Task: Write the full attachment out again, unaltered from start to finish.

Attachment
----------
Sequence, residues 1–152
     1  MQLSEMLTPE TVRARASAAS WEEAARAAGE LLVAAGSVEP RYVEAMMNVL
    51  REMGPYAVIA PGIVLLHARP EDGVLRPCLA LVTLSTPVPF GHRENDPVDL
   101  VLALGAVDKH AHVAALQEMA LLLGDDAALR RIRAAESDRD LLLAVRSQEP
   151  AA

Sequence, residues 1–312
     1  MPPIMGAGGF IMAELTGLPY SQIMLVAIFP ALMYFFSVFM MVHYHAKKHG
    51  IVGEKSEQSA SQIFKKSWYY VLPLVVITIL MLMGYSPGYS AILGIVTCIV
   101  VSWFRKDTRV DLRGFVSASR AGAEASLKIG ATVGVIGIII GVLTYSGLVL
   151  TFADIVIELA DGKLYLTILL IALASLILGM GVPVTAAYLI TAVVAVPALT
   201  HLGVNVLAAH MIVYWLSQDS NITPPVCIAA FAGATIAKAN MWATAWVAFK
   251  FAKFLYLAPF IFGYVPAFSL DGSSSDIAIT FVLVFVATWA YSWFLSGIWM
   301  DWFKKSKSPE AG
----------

Sequence, residues 1–152
     1  MQLSEMLTPE TVRARASAAS WEEAARAAGE LLVAAGSVEP RYVEAMMNVL
    51  REMGPYAVIA PGIVLLHARP EDGVLRPCLA LVTLSTPVPF GHRENDPVDL
   101  VLALGAVDKH AHVAALQEMA LLLGDDAALR RIRAAESDRD LLLAVRSQEP
   151  AA

Sequence, residues 1–312
     1  MPPIMGAGGF IMAELTGLPY SQIMLVAIFP ALMYFFSVFM MVHYHAKKHG
    51  IVGEKSEQSA SQIFKKSWYY VLPLVVITIL MLMGYSPGYS AILGIVTCIV
   101  VSWFRKDTRV DLRGFVSASR AGAEASLKIG ATVGVIGIII GVLTYSGLVL
   151  TFADIVIELA DGKLYLTILL IALASLILGM GVPVTAAYLI TAVVAVPALT
   201  HLGVNVLAAH MIVYWLSQDS NITPPVCIAA FAGATIAKAN MWATAWVAFK
   251  FAKFLYLAPF IFGYVPAFSL DGSSSDIAIT FVLVFVATWA YSWFLSGIWM
   301  DWFKKSKSPE AG